The really sad thing about what the DA euphemistically calls “The De Lille Matter”, is that she is beginning to sound like Jacob Zuma.
In a television interview on Sunday night, Ms De Lille recounted her recent interactions with the citizenry, in which she conducted a straw poll of her popularity. “Nobody I spoke to said they had lost confidence in me,” she said, sounding eerily like Jacob Zuma in early February when the efforts of the ANC Top Six to remove him from office proved initially fruitless.
Mr Zuma at the time, asked of the Top Six: “What have I done wrong?”, insisting that he would not step down “because the people still love me”.
The difference between these two equally protracted and embarrassing leadership meltdowns is simply a matter of numbers: whereas the ANC could muster sufficient support for a motion of no confidence in the National Assembly to remove Mr Zuma from office, the DA is unable to do so in the Cape Town City council to remove Ms De Lille from office.
Having tried once before and failed, the DA resorted to a closed caucus meeting during which it debated and passed with a 70% majority, an internal motion of no confidence in Ms De Lille.
All that amounts to is confirmation of what everybody, including Ms De Lille knows: the DA no longer wants her running the show in Cape Town. The party has lost confidence in her leadership, and like it or not, it is time for her to go.
But here’s the thing: she ain’t going quietly, and considering how the DA has handled the matter, the lengths it has gone to in order to undermine her in the eyes of the citizens of Cape Town, why the hell should she?
Mr Zuma insisting he had no idea what he had done wrong was beyond disingenuous. He knew precisely, along with the nation and the world, what he had done wrong. He just didn’t see any of it as “wrong”.
In Ms De Lille’s case, it is less clear cut, which a visit the the DA’s web site will reveal.
The clumsily embarrassing page titled “The Patricia de Lille matter”, is little other than an attempt to bolster the hatchet job the DA is doing on Ms De Lille, because everything it has done thus far to remove her from office has failed.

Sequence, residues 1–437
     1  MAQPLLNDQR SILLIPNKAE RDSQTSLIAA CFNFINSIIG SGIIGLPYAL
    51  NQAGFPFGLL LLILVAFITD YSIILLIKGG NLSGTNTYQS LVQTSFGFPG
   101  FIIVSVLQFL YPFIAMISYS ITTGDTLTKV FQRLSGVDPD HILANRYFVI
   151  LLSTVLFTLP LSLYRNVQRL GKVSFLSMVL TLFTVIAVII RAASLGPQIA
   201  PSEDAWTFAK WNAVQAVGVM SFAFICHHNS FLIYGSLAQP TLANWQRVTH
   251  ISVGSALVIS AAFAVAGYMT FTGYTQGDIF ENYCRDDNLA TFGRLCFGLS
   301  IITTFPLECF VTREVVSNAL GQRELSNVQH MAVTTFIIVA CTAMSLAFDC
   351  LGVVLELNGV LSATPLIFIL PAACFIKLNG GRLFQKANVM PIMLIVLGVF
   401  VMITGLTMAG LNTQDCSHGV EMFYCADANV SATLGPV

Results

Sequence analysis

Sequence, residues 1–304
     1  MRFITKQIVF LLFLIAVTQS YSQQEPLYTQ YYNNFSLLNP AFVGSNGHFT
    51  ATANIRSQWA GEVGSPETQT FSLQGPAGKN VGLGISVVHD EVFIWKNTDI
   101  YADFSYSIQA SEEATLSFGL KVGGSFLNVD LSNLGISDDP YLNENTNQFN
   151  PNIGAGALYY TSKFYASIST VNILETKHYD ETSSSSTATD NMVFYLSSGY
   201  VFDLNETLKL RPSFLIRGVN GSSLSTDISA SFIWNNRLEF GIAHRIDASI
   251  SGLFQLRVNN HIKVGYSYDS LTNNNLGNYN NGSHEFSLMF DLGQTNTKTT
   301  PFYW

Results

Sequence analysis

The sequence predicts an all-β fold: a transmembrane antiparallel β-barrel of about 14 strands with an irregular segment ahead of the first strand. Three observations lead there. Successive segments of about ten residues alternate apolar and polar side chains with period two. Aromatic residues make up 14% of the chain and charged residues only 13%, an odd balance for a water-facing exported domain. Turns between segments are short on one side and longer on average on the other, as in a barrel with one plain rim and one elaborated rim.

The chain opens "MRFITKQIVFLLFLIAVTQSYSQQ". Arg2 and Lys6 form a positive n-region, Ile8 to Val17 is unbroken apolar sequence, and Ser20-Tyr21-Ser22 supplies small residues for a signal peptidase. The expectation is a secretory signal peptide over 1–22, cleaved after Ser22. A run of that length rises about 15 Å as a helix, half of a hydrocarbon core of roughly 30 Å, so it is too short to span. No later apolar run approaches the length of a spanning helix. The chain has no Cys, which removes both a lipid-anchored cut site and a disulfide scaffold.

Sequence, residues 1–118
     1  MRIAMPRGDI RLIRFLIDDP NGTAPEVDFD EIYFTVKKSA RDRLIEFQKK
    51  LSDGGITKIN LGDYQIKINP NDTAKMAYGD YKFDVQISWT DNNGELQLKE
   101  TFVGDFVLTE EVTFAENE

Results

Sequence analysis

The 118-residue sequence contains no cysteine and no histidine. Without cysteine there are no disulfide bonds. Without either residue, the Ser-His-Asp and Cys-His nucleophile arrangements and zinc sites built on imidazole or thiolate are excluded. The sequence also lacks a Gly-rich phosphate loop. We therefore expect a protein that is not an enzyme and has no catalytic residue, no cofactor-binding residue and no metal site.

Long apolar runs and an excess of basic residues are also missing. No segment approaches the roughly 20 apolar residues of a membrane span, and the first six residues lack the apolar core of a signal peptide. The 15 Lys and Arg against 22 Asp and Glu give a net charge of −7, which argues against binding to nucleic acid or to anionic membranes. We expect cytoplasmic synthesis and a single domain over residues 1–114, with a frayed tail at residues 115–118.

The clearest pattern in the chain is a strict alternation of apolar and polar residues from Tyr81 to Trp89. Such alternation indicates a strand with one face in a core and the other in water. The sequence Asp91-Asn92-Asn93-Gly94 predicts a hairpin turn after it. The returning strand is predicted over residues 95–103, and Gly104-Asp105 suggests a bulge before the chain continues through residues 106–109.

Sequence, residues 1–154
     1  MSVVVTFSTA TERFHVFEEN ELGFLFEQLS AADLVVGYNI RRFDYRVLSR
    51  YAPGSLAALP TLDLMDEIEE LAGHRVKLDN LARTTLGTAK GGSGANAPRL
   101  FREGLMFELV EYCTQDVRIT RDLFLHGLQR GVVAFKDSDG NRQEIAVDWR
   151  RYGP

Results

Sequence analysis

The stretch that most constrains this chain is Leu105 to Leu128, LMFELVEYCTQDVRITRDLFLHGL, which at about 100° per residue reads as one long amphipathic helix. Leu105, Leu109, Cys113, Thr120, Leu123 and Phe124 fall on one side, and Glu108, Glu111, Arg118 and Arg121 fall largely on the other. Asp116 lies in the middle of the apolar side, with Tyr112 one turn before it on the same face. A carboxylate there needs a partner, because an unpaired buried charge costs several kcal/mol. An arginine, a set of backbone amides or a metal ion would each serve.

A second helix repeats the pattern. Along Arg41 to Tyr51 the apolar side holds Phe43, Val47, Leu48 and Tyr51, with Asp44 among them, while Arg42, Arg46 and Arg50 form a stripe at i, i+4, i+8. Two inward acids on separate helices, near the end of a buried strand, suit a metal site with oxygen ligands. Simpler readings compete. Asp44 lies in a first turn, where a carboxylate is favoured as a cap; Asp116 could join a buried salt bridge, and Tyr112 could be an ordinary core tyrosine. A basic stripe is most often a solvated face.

The page tries but fails to convince the reader that there is a prima facie case for Ms De Lille’s removal from office.
The Steenhuisen commission of inquiry apparently found that Ms De Lille’s leadership style is autocratic and divisive, that she has appointed people loyal to her to key posts, that she has centralised power in her own office, that she has manipulated appointments at senior management level, and that the DA caucus has increasingly lost confidence in her leadership.
Unless Ms De Lille has recently suffered some or other form of mental breakdown which has resulted in a leadership style volte face, it must surely have been known by her colleagues in the DA how she functions as a leader.
All of which begs the question, why has it taken so long for this to become an issue, and why did the DA’s leadership not step in months ago to address the matter?
On the issue of material wrongdoing, extracts from the much vaunted Bowman Gilfillan report do little more than recommend further investigation of possible gross misconduct by Ms De Lille, former municipal manager, Achmat Ebrahim, and various other officials in relation to tender manipulation by former commissioner of transport and urban development, Mellisa Whitehead.
There is more, but here’s the salient part of the quote: “… the city manager, the executive mayor, and possibly a number of other officials may be guilty of inter alia gross misconduct…” The report further urges: “we recommend that the council directs that an investigation be conducted into the failure of the executive mayor to report the matter to council.”
“This investigation has since been extended and is still ongoing,” says the web page, but is silent on what stage that investigation has reached, when it will be concluded, and what its findings might have been.
Make no mistake, if the allegations of misconduct in the Bowman Gilfillan report have any substance, those who stand accused must be held to account, and where criminal prosecution is indicated, it must be vigorously pursued.
Trouble is, until that “ongoing investigation” is concluded, all we have is a lot of ifs, ands, buts and maybes, which sounds alarmingly like a clumsily handled hatchet job to get rid of somebody whose usefulness has come to an end.
Inasmuch as the ANC could only unseat Mr Zuma by a motion of no confidence in the National Assembly if he refused to step down, the DA also cannot remove Ms De Lille by any other means, and that it has tried, and embarrassingly, failed to do.
The DA caucus’ motion of no confidence in Ms De Lille, equates to an ANC NEC motion of no confidence in Mr Zuma. neither of which have a shred of legal weight in removing either of them from office.
Just like Mr Zuma lifted his middle finger to the ANC in the closing stages of his presidency, Ms De Lille is deservedly doing the same to the DA, because she has nothing left to lose.
Clearly, there is more to this than has been made public, and in time, hopefully, that backstory will emerge.
When it does, it will embarrass the DA even more than it has already embarrassed itself.